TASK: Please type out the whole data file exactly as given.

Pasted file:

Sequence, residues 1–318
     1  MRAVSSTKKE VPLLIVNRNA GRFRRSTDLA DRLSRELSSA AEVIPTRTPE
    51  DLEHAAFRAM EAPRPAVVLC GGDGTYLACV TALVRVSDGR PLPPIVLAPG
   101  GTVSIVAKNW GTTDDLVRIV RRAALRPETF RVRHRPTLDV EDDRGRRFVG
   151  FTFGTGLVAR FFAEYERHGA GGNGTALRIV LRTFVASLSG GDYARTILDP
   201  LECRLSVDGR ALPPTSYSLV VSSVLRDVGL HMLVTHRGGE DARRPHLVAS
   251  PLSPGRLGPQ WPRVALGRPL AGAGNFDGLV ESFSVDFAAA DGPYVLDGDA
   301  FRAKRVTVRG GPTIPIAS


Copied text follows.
Sequence, residues 1–318
     1  MRAVSSTKKE VPLLIVNRNA GRFRRSTDLA DRLSRELSSA AEVIPTRTPE
    51  DLEHAAFRAM EAPRPAVVLC GGDGTYLACV TALVRVSDGR PLPPIVLAPG
   101  GTVSIVAKNW GTTDDLVRIV RRAALRPETF RVRHRPTLDV EDDRGRRFVG
   151  FTFGTGLVAR FFAEYERHGA GGNGTALRIV LRTFVASLSG GDYARTILDP
   201  LECRLSVDGR ALPPTSYSLV VSSVLRDVGL HMLVTHRGGE DARRPHLVAS
   251  PLSPGRLGPQ WPRVALGRPL AGAGNFDGLV ESFSVDFAAA DGPYVLDGDA
   301  FRAKRVTVRG GPTIPIAS